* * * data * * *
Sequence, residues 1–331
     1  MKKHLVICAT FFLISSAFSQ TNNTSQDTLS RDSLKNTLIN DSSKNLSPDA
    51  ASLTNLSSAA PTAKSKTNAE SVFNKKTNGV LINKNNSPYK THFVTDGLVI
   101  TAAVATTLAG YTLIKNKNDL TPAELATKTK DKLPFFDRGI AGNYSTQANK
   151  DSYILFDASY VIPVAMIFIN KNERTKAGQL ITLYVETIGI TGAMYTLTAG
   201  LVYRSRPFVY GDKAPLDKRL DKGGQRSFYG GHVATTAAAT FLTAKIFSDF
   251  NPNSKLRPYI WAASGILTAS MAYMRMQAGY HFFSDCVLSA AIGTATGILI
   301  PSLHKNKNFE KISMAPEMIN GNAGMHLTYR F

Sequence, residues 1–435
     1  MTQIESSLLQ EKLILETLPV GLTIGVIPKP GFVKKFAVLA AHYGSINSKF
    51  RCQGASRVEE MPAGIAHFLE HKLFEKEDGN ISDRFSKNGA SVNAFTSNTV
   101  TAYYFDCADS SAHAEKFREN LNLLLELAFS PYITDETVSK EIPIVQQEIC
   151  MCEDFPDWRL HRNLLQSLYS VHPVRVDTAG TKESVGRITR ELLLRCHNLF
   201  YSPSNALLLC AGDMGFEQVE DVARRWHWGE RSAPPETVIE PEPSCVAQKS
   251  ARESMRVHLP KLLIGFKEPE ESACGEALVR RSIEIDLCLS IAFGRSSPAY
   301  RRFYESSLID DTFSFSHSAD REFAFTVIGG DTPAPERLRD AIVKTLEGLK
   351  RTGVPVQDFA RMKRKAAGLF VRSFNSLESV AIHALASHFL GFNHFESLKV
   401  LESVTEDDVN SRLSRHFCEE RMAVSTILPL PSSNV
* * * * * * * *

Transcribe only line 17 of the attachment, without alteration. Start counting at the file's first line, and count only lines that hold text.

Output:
   351  RTGVPVQDFA RMKRKAAGLF VRSFNSLESV AIHALASHFL GFNHFESLKV